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Preparation. Taking time to understand an employer'sbenefits offering and their goals is a part of the preparation thatgoes into effective benefits communication. But preparationshouldn't end there. It can be helpful to take the long-view andlay out a plan for what you want to share and how you are going toreach employees in the coming years.

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Offer a personal touch. There are many tools you can usefor benefits communication, but there is still no substitute forface-to-face meetings with a benefits expert. This is probablybecause the employee gets a much more personalized experience whenthey meet face-to-face. They can ask questions and understand howtheir benefits relate specifically to their situation. This helpsthem make the best possible decision for themselves and theirfamilies—and that's how you know the messaging is working.

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Dan Johnson, vice president of sales and marketing, TrustmarkVoluntary Benefit Solutions

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Don't stop

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Employees' needs are unmet when it comes to learning about theirbenefits. According to research from MetLife:

  • They can't navigate the benefits information they receive.

  • They don't have the time or energy to dig in.

  • They don't know who to turn to with questions.

  • And, when they don't understand their benefits, they assume theydon't need them.

This means that employers, in partnership with advisers andcarriers, have a big opportunity to boost engagement, productivityand loyalty. The following strategies can help you boost theperceived value of benefits.

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Streamline enrollment to help employees navigate. Byintegrating voluntary offerings into your existing benefits programand offering them alongside traditional benefits, you not onlydemonstrate your support for the benefit, but help to streamlineemployees' overall benefits experience.

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Create simplified, digestible information that's easy forbusy employees to understand. Consider adding a “Did You Know?”section on your benefits website or article on your companyintranet to post quick highlights about some of your voluntaryofferings.

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Provide personalized information aligned with life events tomake benefits more relevant. Meet employees where they are withpersonalized messages and materials reflecting life events or lifestages.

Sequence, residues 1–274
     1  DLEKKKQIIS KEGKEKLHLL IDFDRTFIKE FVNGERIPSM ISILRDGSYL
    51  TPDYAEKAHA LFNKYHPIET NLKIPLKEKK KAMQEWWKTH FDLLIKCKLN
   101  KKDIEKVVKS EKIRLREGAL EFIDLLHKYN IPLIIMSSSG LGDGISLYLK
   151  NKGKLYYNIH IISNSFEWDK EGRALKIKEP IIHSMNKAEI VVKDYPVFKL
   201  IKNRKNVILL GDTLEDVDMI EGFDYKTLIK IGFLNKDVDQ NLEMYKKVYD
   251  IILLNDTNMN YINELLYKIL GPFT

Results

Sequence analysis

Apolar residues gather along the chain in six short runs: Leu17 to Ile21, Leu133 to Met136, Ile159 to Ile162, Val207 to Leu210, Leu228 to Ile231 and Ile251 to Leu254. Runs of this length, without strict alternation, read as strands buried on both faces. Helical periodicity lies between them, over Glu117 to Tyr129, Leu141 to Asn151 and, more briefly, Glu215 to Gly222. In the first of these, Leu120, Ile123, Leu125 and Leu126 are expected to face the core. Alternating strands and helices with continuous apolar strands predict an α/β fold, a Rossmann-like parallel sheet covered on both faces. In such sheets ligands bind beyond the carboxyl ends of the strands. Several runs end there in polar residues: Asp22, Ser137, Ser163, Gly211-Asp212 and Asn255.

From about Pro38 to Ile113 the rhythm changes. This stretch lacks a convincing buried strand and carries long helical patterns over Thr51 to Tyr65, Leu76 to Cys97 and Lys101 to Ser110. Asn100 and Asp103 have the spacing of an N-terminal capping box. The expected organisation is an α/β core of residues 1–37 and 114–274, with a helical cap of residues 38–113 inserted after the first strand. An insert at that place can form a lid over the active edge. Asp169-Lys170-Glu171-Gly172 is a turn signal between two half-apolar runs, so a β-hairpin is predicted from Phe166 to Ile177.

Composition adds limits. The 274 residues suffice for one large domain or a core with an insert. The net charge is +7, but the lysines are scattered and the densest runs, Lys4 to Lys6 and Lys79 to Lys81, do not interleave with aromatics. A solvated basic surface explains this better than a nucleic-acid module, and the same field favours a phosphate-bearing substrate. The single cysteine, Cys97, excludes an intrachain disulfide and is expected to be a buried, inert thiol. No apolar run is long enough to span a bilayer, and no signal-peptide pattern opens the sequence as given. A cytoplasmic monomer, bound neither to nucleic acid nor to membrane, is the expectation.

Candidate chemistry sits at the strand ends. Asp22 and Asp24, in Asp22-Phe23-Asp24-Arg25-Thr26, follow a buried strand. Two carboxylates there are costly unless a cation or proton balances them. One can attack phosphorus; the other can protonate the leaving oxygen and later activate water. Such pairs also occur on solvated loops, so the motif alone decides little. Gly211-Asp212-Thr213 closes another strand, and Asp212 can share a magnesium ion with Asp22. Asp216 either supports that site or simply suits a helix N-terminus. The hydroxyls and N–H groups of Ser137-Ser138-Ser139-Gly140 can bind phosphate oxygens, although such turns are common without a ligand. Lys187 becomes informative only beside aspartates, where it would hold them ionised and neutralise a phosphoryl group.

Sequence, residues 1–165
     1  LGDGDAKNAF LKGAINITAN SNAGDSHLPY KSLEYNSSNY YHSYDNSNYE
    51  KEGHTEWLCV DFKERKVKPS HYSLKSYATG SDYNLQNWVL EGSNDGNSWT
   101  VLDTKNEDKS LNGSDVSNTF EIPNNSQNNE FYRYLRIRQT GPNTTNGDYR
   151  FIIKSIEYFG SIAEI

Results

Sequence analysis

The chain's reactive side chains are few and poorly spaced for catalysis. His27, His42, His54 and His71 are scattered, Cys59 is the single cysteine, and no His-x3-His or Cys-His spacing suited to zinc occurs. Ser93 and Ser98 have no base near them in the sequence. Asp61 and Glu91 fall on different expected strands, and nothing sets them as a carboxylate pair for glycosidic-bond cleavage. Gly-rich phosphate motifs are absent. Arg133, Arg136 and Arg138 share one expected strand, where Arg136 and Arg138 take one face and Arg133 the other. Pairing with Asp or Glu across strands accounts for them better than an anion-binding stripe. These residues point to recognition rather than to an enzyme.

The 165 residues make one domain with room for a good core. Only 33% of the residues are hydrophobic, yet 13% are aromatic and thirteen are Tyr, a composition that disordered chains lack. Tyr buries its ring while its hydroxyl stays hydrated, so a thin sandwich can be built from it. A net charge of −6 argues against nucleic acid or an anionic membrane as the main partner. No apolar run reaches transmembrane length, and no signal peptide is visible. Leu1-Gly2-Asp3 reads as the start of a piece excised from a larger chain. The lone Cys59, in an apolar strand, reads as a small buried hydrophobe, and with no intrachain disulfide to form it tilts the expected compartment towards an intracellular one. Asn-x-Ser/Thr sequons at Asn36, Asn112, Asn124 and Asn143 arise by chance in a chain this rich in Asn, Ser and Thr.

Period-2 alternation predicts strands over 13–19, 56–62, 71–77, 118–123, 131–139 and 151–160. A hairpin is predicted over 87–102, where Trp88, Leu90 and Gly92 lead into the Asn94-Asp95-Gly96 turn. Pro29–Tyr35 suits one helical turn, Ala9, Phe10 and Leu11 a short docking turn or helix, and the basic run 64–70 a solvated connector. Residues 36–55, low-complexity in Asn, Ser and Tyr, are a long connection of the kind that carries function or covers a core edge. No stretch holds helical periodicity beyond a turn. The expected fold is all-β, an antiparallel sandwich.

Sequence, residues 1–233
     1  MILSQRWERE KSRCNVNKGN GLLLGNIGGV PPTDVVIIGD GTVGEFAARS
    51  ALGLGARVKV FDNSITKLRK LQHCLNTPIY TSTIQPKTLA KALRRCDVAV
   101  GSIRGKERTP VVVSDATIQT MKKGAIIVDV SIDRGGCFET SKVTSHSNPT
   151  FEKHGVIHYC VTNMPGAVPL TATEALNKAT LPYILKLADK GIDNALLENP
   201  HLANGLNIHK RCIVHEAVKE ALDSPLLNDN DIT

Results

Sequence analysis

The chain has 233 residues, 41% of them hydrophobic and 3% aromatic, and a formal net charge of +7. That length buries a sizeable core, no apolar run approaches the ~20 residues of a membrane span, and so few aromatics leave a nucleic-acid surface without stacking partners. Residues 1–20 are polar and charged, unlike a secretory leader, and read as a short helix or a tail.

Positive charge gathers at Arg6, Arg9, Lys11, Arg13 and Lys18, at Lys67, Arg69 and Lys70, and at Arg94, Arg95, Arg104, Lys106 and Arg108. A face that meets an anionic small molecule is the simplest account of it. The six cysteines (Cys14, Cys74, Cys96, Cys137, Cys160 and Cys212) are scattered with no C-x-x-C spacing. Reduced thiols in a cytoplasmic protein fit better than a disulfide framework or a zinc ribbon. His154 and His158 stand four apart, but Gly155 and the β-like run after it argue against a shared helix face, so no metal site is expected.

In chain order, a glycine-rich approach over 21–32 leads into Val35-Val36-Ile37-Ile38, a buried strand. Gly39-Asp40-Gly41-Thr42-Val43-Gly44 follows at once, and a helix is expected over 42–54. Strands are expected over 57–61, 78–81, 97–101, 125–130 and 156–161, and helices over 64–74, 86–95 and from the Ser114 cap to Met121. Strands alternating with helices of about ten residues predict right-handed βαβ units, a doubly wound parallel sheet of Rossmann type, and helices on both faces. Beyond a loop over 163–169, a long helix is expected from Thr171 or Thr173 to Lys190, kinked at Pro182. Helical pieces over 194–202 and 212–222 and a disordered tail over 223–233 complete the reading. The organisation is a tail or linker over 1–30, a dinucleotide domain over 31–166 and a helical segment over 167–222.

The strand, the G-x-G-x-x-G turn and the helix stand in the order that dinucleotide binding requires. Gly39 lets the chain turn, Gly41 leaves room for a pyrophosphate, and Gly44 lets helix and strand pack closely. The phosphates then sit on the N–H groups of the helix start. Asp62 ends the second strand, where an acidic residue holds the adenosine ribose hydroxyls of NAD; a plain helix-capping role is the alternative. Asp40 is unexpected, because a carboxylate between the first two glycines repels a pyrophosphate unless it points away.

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Provide well-equipped resources for questions. Providethe opportunity for one-on-one consultations with benefitsenrollment representatives, employees' preferred resource forbenefits questions. If staffing is a concern, consider leveraging abenefits communications firm to assist.

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Don't stop communicating when open enrollment is over.One way to communicate regularly with employees about benefits itto leverage national events or recognition months. Anotheropportunity to continue the dialogue on benefits outside of openenrollment is through financial education workshops.

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Ingrid Tolentino, CEO, Hyatt Legal Plans, a MetLifecompany

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Be the expert

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Brokers can best serve customers by knowing the current marketlandscape well, speaking confidently about it and sharing thatknowledge with customers. Offer information on changes and trendsas well as your expertise and commentary to create value anddeliver insights to your clients. The ability to weed through andanalyze information in the context of market trends and customerneeds is where your expertise will shine.

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Online tools and technology can help brokers further demonstratetheir expertise. For example, a blog or engaging in social mediacan help attract prospects and deliver added value to existingcustomers. These tools are perfect avenues for sharing communityinformation, recognizing customer achievements, responding toquestions and more.

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Today's consumers expect a digital experience, but it's thebrokers who build relationships that will stand out in themarketplace. Relationship building continues to be the single-mostimportant factor in earning business.

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Rob Carnaroli, Vice President of Sales, Sutter HealthPlus

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Paul Wilson

Paul Wilson is the editor-in-chief of BenefitsPRO Magazine and BenefitsPRO.com. He has covered the insurance industry for more than a decade, including stints at Retirement Advisor Magazine and ProducersWeb.